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Column: What’s so great about living to 100?

Studio photograph of an old woman's hand next to a young woman's hand.
The question behind the question of how long you’d like to live, is what will be your quality of life?
(Peter Finch / Getty Images)
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Do I want to live to be 100? Do you?

I thought I did. I mean, why not? I envisioned a relaxing old age of books, movies, great-grandchildren, gossiping with the other elderly folks. The longer we can put off death, the better, I figured.

But these days, I wonder.

When I was a kid such a long life was unimaginable. I’d never met anyone who’d lived to 100, or into their 90s, for that matter. In the 1960s, extreme old age seemed reserved for strange and exceptional people living on unfamiliar diets on faraway Pacific islands.

Opinion Columnist

Nicholas Goldberg

Nicholas Goldberg served 11 years as editor of the editorial page and is a former editor of the Op-Ed page and Sunday Opinion section.

But times have changed. Life expectancy grew enormously during the 20th century thanks to all kinds of advances, from antibiotics and vaccines to better diets and exercise. It didn’t get to 100, of course; in 2021, U.S. life expectancy was 76.1 years. (And less if you’re poor or Black or male or, God forbid, a smoker.)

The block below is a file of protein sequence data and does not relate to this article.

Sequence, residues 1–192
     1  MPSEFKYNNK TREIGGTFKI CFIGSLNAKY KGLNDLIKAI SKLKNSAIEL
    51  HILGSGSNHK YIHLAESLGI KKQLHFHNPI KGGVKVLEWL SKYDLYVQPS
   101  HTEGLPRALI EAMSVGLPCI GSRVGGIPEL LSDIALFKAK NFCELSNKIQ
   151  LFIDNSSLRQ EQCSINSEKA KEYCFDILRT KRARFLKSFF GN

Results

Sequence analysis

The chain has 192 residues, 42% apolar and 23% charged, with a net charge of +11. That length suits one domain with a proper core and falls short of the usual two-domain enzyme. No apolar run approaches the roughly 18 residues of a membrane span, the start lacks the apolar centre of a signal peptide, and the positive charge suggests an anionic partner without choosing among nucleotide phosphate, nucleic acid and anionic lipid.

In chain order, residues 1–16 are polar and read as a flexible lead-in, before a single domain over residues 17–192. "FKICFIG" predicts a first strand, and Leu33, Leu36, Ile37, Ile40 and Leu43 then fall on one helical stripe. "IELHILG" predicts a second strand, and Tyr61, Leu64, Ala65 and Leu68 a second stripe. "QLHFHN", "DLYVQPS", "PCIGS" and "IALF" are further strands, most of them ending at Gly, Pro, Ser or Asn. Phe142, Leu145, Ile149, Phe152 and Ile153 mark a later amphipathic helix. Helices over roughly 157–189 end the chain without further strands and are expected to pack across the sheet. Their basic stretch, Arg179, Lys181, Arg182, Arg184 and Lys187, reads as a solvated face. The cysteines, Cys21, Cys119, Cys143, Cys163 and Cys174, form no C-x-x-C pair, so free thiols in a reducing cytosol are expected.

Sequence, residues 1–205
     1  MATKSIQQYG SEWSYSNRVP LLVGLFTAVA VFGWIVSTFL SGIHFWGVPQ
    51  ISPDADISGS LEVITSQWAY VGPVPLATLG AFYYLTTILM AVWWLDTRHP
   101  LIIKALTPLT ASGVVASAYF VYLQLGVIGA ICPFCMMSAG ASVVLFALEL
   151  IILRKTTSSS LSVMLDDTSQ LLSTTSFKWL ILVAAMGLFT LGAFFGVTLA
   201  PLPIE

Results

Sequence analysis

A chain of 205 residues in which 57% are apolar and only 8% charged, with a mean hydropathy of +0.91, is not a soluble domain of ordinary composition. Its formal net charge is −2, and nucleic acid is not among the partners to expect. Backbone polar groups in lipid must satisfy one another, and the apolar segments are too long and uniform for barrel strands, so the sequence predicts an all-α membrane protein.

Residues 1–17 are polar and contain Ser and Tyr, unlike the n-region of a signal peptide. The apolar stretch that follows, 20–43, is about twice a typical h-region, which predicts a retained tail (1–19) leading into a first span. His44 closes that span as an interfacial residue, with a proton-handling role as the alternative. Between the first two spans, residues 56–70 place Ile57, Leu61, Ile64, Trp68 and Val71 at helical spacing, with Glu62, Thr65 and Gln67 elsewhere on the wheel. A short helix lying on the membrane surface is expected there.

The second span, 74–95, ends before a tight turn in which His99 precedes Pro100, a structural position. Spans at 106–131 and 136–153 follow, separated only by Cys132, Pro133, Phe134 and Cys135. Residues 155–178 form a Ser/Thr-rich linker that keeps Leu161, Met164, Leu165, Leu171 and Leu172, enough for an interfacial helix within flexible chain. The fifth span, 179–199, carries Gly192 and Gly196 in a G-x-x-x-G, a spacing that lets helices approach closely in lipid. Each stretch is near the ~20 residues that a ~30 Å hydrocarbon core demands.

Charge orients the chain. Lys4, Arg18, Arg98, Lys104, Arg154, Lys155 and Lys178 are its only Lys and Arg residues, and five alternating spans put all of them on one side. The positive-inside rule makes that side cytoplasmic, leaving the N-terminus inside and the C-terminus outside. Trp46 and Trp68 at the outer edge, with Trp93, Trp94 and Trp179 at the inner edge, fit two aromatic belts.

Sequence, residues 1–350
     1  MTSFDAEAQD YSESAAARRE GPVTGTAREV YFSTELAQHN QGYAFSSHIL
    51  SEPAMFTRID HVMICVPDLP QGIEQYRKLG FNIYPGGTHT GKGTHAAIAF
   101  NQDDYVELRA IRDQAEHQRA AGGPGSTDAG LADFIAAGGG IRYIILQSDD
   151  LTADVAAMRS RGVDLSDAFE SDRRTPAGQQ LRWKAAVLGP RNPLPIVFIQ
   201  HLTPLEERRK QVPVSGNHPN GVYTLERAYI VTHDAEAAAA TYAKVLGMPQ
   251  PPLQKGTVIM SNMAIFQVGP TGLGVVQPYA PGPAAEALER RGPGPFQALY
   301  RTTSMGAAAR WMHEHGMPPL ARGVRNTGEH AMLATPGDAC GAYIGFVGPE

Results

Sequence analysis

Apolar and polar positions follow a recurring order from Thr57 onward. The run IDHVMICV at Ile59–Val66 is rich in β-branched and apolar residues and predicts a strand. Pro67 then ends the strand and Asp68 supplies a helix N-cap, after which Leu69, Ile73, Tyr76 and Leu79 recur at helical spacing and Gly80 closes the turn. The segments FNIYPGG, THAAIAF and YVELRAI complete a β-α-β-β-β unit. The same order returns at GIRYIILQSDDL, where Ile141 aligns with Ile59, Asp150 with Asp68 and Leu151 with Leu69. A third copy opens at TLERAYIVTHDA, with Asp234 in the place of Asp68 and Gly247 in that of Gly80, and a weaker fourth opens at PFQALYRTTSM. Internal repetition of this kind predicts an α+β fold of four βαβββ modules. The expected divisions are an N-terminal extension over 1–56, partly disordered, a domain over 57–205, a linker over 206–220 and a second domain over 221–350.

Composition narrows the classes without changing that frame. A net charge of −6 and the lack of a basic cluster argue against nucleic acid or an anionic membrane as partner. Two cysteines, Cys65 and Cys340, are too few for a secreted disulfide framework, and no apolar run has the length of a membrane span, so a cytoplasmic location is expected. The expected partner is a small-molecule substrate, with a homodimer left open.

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But there are a lot more 100-year-olds than there used to be. By one government estimate, there were some 2,300 centenarians living in the U.S. in 1950. Today there are more than 97,000, according to the Census Bureau. More than three-quarters of them are women.

But do you or I really want to be among them?

Of course the question behind the question is, if we’re going to live to 100, what will be our quality of life? And a recent survey in the UK suggests that people are well aware of that caveat.

The poll, which I saw reported in the Financial Times, found that only 35% of people wanted to live to 100. About half said no thanks; 56% feared their quality of life would be “poor” by then.

Interestingly, older respondents were less likely than younger ones to want to hit the 100-year mark.

That got me concerned. (For the record, I’m 64.)

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I mean, OK, I’ve known all along 100 wouldn’t be like 25. Now, though, I’m tempering my hopes with some questions: Will I be able to dress myself, feed myself and get to the bathroom? Will I recognize my children? Will I be able to read a book? Leave the house and see the sunset? Will I have enough money? Will I be intolerably lonely?

I wouldn’t want to keep going on if I were in the grips of serious dementia or chronic pain or if I were too much of a burden on others.

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Not that it necessarily matters what we want. Only a small portion of whether we get to 100 is up to us.